Well worth looking at his Wanted List too since it includes some very interesting manufacturers as well as models which are not represented in his actual collection.

I wonder Nick if you can find a collection of instrumentation data recorders and 'in situ' control room photos? Presently listening on Radio 4 Extra to a radio play of Thatcher's last days in power I am reminded that that week in 1990 I managed to sneak into a very fine such room with racks of spinning 120ips upright machines in a government building in Ulam Batar. I still haven't had the time to make my way through the BBC Tech pdfs you pointed me to but I'll thank you for them in this thread and encourage others here to have a look back through recent weeks on (I think) General Discussion for the link.

Best, Jez Adamson

 
 
 
I’m surprised he is still looking for this Stuzzi, I understand why. Made in Austria, it’s the only four track recorder of its size, not that you can record all four tracks and play them all back at once. But you can record four separate tracks on one side of the tape.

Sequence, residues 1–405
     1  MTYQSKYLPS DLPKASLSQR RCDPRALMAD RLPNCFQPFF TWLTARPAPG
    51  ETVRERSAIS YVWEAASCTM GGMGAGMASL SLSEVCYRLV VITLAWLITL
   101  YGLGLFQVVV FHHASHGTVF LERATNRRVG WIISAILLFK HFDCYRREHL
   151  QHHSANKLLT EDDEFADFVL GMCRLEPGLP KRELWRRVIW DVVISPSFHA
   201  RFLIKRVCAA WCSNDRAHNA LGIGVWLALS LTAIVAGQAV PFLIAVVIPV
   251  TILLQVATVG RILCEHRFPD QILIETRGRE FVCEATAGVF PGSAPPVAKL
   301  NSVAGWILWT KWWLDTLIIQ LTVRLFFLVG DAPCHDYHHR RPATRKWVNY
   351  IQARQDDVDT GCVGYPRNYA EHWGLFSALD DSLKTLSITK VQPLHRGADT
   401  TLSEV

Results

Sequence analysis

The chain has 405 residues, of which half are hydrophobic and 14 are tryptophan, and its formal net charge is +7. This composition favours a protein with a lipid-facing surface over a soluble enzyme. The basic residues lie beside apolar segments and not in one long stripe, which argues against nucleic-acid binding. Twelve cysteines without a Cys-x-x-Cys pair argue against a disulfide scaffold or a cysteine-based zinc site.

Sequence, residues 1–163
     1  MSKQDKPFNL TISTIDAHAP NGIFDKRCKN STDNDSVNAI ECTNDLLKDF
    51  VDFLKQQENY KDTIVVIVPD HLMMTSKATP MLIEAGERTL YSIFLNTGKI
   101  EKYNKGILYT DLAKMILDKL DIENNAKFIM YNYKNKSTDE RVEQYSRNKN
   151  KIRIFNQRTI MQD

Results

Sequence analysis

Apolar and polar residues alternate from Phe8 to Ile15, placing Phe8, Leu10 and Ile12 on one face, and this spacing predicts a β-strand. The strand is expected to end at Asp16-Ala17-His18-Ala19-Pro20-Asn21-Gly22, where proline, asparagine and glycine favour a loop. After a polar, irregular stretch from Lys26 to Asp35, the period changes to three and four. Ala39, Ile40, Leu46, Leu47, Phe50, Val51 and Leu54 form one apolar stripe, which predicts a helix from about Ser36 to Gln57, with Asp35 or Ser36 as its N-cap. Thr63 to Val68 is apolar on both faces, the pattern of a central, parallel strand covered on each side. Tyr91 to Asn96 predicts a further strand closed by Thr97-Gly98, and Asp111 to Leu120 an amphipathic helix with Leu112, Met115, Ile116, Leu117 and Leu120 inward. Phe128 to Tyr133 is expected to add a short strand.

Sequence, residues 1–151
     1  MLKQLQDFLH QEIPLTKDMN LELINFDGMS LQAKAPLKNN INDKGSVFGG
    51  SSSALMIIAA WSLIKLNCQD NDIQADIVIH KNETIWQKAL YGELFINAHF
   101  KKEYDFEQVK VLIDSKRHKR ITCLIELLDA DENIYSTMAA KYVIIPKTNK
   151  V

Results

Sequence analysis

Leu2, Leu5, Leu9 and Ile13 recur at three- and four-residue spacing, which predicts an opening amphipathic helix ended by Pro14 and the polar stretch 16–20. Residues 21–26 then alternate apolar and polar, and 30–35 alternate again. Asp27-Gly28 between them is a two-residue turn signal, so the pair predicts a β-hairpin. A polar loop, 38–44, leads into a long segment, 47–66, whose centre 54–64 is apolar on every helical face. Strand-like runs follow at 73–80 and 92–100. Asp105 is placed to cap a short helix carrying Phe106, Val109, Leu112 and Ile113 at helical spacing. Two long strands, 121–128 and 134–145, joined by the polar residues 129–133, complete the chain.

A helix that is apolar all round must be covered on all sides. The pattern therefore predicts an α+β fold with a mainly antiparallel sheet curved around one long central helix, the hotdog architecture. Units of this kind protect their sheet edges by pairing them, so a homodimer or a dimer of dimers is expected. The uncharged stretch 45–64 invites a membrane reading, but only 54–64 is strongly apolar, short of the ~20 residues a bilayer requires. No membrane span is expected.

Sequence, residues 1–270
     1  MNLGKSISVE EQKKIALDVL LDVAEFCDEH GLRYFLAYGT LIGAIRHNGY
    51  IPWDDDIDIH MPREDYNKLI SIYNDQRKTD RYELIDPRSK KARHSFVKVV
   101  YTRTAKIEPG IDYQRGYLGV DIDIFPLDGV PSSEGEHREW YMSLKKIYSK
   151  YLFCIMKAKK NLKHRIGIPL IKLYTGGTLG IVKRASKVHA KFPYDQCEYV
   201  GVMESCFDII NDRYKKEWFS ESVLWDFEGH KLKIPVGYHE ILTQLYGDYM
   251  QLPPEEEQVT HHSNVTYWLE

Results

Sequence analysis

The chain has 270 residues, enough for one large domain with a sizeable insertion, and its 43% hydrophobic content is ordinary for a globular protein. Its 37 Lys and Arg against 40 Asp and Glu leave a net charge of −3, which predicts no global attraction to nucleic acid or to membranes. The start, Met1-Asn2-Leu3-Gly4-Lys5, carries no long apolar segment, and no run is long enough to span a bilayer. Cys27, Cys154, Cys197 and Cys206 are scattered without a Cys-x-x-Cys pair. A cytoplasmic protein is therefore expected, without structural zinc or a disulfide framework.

The head moves up and down on the tape depending on selecting 1 2 3 or 4.
How would you keep track of where you recorded it?  Well, the tape counter is stamped on the tape. 085 on the tape will mean different recordings in 1 2 3 and 4   like 1-085 or 2-085 etc. Pretty cool.
 
Not that it's the kind of recorders you guys are into.

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h5JbwnE.jpgAll Photos marked RJW are copyrighted. Any use other than private with or without the RJW watermark is strictly forbidden, without written permission from the owner.

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The Perfectone Mixer is just ever so slightly before my time, thankfully my first frame of reference was Nagra preamps. When I started working, there were many sound mixers still using this beast and I did have several opportunities to play with it and listen. Self-noise was like a bad case of tinnitus that never went away, even with everything closed, just having the unit powered up.

My father had Perfectone camera motors for his Eclairs, both 16mm NPR and 35mm CM-3s. They were Swiss made, very well constructed and I think quite reliable.